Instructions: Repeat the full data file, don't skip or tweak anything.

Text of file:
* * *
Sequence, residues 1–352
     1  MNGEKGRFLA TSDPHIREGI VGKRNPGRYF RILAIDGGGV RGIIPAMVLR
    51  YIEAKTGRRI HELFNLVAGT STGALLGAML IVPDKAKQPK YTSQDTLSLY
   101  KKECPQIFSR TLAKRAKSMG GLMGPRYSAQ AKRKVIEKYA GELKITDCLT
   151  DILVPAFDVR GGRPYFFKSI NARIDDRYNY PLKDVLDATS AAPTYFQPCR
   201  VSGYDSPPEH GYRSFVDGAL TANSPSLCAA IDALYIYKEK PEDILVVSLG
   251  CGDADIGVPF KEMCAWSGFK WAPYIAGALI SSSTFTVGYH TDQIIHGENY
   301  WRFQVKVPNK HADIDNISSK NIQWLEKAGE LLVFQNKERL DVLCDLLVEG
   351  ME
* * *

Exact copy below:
Sequence, residues 1–352
     1  MNGEKGRFLA TSDPHIREGI VGKRNPGRYF RILAIDGGGV RGIIPAMVLR
    51  YIEAKTGRRI HELFNLVAGT STGALLGAML IVPDKAKQPK YTSQDTLSLY
   101  KKECPQIFSR TLAKRAKSMG GLMGPRYSAQ AKRKVIEKYA GELKITDCLT
   151  DILVPAFDVR GGRPYFFKSI NARIDDRYNY PLKDVLDATS AAPTYFQPCR
   201  VSGYDSPPEH GYRSFVDGAL TANSPSLCAA IDALYIYKEK PEDILVVSLG
   251  CGDADIGVPF KEMCAWSGFK WAPYIAGALI SSSTFTVGYH TDQIIHGENY
   301  WRFQVKVPNK HADIDNISSK NIQWLEKAGE LLVFQNKERL DVLCDLLVEG
   351  ME